Daniel Lieberman.

Professor Daniel E. Lieberman is incorporating the coronavirus as part of his curriculum.

Kris Snibbe/Harvard file photo

Campus & Community

Studying COVID-19 in real time

5 min read

Across a range of disciplines, from medicine to history, biology to business, the crisis has become a living part of the curriculum

The coronavirus has had a huge impact on Daniel E. Lieberman’s class on human evolution and human health. And not just because it’s upended the lives of his 91 students and moved the lecture course online.

The virus is now a major class topic and a routine focus of lesson plans and discussions. That has helped both him and his students process the crisis and engage in real-world learning, said the Edwin M. Lerner II Professor of Biological Science. And he isn’t alone in thinking how to incorporate it into the curriculum.

“You could ask: How could we not?” said Mark Fishman, professor of stem cell and regenerative biology. “COVID-19 is changing the landscape of everything that we value completely.”

Mark Fishman.
Mark Fishman, professor of stem cell and regenerative biology, is among those planning a new course on the novel coronavirus. Kris Snibbe/Harvard file photo

Fishman and others are in the early stages of planning a new course on the novel coronavirus. It would be for the newly launched M.S./M.B.A. Biotechnology: Life Sciences program. The program offers a joint degree from the Graduate School of Arts and Sciences, the Business School, the Medical School, and the Department of Stem Cell and Regenerative Biology in the Faculty of Arts and Sciences.

The new course will focus on the biology and medicine around SARS-CoV-2, the official name of the virus that causes COVID-19. If the lab course currently planned for the summer is delayed, this course could take its place.

“The plan would be to focus on the virus, its interaction with cells, and the therapeutic, epidemiological, and ethical challenges of the pandemic,” Fishman said. “The implications are profound, current, important, and emotionally gripping, and of direct relevance to anyone planning a career in biomedicine.”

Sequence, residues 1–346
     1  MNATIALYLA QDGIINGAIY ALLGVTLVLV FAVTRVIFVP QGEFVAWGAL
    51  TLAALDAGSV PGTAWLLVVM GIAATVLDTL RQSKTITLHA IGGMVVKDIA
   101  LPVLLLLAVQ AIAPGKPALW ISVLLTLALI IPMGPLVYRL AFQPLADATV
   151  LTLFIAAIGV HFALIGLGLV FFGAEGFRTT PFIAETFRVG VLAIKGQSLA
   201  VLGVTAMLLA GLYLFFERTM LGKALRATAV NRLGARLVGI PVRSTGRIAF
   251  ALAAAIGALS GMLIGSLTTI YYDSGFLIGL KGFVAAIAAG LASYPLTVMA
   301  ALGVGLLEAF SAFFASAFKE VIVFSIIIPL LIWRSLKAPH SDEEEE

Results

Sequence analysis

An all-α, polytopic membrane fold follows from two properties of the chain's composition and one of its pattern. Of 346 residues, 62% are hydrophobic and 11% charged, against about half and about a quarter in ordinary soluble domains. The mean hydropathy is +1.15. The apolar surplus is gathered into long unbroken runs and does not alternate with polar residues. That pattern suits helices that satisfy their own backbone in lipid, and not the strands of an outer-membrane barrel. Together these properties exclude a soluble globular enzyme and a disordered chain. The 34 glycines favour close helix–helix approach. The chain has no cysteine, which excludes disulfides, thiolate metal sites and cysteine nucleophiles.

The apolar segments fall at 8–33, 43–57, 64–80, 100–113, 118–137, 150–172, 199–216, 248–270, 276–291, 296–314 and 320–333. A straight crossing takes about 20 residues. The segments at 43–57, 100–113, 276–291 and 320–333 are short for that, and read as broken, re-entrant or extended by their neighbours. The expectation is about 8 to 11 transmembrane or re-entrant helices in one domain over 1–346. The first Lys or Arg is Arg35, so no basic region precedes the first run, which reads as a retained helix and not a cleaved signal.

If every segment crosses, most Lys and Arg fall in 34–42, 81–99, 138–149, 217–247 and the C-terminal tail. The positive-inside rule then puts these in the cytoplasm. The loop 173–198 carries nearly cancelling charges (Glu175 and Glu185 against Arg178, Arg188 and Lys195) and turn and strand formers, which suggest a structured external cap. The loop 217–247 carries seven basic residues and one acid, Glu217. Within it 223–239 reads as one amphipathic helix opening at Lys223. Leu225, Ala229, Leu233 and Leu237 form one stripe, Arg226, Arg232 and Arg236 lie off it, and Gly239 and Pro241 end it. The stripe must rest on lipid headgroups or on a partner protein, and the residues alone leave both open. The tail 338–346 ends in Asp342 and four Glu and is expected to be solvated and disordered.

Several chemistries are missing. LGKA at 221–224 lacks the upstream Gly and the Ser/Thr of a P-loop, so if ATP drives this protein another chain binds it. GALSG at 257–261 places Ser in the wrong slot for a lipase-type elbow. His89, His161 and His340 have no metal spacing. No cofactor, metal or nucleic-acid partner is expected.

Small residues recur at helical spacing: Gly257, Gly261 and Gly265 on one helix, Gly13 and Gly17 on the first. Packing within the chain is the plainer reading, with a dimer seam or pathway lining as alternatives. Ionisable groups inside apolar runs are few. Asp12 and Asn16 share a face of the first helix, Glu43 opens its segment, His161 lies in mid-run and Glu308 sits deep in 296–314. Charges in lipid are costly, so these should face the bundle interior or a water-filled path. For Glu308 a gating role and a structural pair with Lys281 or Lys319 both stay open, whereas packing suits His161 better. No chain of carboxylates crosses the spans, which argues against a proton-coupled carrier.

Rachel Carmody.

Rachel Carmody, an assistant professor in the Department of Human Evolutionary Biology, has added new content on bacterial and viral interactions.

Stephanie Mitchell/Harvard file photo

Rachel Carmody teaches a class on gut microbes and their effects on human health. The microorganisms perform many functions, among them drug metabolism, so they may contribute to risks and complications of certain diseases like COVID-19. Carmody, an assistant professor in the Department of Human Evolutionary Biology, has expanded her lessons on these topics in light of the pandemic. She’s also added new content on bacterial and viral interactions.

In the Department of Earth and Planetary Sciences, Assistant Professor Marine Denolle’s teaching assistant had students analyze noise-level data from a city in China that was locked down. Tim Clements, a fourth-year Ph.D. student in the Graduate School of Arts and Sciences, assigned the project as homework in the earthquake and tectonics class. Students downloaded seismic data from Enshi City in central China, which has a population of 750,000. They noticed that during the lockdown, noise levels were similar to that of a rural area. “It got down to, basically, the natural level you would expect when there are no humans around,” Clements said.